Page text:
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River Indus: Flow of life – Part II

By Raza Rumi:

From ancient Vedic times to stories told by Sufi saints, the Indus continues to play a central role in the legends and folklore associated with the region. Even today, the shrine of Uderolal, a composite Hindu-Muslim place of worship and the cult of Lal Shahbaz Qalandar are rooted and nurtured by the Indus and its magic. Not long ago, both Hindus and Muslims believed that the flow of Indus was determined by the saint Lal Shahbaz Qalandar. Lal Shahbaz Qalandar is also referred to as Jhule Lal, or the god of waters. Some Hindus also referred to him as Raja Bharati.

The Partition of the subcontinent in 1947 brought with it a new shape to the politics and cultures of the Indus region

Current beliefs and practices still reflect continuity with the past. Sehwan Sharif, where the tomb of Lal Shahbaz Qalandar’s is situated was the site of a Shiva centre. It is said that the name Sehwanistan has been derived from Sivistan, city of Shiva. Moreover, there is a striking similarity between the dressing of contemporary faqirs and Shivite yogis as both dress in ‘torn clothes with matted hair.’

The Mohanas (fisherfolk) have been displaced and driven towards alternative livelihoods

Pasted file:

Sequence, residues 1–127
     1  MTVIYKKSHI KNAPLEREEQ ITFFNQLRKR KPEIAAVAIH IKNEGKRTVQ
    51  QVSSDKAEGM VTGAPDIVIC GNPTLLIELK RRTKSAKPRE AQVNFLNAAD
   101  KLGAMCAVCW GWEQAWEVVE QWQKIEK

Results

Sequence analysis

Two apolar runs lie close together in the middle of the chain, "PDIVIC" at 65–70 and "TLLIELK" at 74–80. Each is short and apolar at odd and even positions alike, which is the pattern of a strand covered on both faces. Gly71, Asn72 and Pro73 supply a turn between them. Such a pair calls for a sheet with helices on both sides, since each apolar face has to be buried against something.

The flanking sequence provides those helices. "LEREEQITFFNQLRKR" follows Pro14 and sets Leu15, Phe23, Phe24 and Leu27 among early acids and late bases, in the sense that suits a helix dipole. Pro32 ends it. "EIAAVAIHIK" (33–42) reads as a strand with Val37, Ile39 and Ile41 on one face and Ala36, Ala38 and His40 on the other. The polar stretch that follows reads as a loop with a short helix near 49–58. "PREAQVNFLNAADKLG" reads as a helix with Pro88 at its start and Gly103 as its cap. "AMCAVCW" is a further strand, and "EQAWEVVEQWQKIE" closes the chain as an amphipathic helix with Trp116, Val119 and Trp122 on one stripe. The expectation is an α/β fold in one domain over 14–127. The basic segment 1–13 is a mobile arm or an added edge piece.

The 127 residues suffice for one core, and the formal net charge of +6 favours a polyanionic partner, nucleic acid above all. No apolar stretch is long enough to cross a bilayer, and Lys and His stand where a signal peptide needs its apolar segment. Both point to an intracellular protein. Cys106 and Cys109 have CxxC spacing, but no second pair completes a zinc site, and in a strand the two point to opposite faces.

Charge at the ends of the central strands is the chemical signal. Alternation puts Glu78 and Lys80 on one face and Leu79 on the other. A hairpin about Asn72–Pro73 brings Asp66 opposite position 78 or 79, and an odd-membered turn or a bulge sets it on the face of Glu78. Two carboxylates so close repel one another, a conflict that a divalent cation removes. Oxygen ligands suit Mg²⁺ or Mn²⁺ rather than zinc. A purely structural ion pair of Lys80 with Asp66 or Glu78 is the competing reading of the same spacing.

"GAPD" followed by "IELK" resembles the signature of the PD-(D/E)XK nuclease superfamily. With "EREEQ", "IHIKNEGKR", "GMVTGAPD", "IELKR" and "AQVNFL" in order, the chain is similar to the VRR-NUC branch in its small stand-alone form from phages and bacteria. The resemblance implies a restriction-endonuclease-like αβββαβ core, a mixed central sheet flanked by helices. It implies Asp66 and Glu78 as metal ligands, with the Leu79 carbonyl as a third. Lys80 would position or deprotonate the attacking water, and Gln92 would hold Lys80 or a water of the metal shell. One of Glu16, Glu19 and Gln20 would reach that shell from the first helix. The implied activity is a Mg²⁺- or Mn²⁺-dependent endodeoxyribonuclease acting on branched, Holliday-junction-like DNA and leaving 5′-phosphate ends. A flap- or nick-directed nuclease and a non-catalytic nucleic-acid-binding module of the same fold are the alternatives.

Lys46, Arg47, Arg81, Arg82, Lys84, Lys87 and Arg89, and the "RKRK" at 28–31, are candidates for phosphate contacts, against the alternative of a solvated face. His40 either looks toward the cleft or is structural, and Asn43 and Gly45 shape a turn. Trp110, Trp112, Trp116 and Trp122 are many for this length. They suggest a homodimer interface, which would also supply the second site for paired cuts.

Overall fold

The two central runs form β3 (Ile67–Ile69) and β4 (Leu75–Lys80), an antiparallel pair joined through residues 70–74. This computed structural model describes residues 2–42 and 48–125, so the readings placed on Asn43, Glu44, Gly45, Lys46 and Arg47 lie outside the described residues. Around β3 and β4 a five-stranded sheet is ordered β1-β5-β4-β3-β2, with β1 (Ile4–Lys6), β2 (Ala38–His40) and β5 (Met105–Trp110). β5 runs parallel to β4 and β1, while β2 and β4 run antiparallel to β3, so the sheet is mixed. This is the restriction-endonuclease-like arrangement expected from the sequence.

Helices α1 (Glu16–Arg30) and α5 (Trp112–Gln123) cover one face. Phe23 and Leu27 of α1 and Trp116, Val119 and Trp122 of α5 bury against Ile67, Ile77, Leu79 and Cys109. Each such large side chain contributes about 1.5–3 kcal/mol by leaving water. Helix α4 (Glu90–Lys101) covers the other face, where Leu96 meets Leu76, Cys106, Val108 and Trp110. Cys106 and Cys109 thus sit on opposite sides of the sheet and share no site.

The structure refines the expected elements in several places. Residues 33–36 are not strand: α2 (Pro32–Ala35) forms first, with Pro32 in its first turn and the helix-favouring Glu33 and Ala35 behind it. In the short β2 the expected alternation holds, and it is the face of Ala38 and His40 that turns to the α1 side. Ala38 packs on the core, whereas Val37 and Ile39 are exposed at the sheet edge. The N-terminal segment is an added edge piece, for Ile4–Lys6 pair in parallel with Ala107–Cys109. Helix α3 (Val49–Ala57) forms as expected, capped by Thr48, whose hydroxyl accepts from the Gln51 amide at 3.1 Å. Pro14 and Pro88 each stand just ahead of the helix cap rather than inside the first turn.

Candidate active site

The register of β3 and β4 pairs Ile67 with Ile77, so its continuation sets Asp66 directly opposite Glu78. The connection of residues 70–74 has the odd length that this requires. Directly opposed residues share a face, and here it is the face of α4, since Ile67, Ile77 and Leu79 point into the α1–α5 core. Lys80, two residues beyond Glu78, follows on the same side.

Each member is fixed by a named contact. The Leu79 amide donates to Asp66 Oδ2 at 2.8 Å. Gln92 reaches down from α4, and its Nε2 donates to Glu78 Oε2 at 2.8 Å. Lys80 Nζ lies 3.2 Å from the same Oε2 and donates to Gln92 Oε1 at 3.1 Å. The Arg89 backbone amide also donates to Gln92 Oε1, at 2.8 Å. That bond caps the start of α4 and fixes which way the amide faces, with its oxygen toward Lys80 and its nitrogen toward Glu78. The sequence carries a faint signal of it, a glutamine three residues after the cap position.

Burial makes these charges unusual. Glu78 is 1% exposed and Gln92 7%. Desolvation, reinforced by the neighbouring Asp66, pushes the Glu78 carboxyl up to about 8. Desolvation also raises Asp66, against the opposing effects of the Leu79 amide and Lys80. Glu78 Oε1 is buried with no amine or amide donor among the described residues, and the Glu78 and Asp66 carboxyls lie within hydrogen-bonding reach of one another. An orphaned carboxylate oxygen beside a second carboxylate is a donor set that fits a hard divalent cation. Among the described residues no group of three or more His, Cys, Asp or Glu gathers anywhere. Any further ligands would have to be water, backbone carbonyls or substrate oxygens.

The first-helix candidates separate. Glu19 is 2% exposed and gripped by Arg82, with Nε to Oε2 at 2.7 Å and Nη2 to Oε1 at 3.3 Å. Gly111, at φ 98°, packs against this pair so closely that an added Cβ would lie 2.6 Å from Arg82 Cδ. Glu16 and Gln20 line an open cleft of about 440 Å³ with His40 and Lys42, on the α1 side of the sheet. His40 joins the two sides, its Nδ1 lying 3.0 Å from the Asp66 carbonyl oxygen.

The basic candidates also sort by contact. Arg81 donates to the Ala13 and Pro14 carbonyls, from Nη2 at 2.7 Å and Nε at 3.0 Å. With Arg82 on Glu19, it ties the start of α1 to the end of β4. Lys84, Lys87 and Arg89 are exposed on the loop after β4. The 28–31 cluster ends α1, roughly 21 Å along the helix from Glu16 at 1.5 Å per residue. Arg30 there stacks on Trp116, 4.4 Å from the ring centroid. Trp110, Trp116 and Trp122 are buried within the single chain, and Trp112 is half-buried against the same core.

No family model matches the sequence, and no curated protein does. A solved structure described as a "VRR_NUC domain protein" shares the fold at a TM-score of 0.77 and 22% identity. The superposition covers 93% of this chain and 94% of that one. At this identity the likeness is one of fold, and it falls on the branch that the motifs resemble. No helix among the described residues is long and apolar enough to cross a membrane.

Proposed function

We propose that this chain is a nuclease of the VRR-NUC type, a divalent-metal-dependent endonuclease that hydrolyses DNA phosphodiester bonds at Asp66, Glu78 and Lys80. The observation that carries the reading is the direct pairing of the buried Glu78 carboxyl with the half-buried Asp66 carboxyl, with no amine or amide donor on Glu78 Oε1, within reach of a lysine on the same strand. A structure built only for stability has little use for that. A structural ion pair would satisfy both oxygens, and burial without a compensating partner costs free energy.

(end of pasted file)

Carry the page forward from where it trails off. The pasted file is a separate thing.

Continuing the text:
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As noted above, Uderolal is a curious tomb: Muslims believe that a saint named Shaikh Tahir is buried here; while the Hindus consider this place to be the shrine Jhulelal or Uderolal. In common parlance, he is also known as Zindapir (Living Saint). Uderolal is one of the places where the Indus is still worshipped by Hindus and Muslims. It is also worshipped in another part of Sindh, near the town of Sukkur.

Shrines of Sufi saints are situated along the riverside in Sindh. It is believed that 125,000 holy men are buried ‘in the yellow sandstone necropolis at Thatta’ alone, writes Samina Quraesihi in her book on Sufism. All year round, a great number of people continue to visit the tombs as a way to show their respect and receive blessings. Just like Lal Shahbaz Qalandar, Khwaja Khizr is also referred to as Zindapir and ‘ pani ka badshah‘ (Water King). The devotees still believe that he lives under the water and the river flows the way that he commands. As recently as the late nineteenth century, Hindus and Muslims also worshipped side-by-side at the Zindapir’s shrine in Sukkur. Moreover, many of the saints have said to have caused miracles in the region through their powers over the Indus.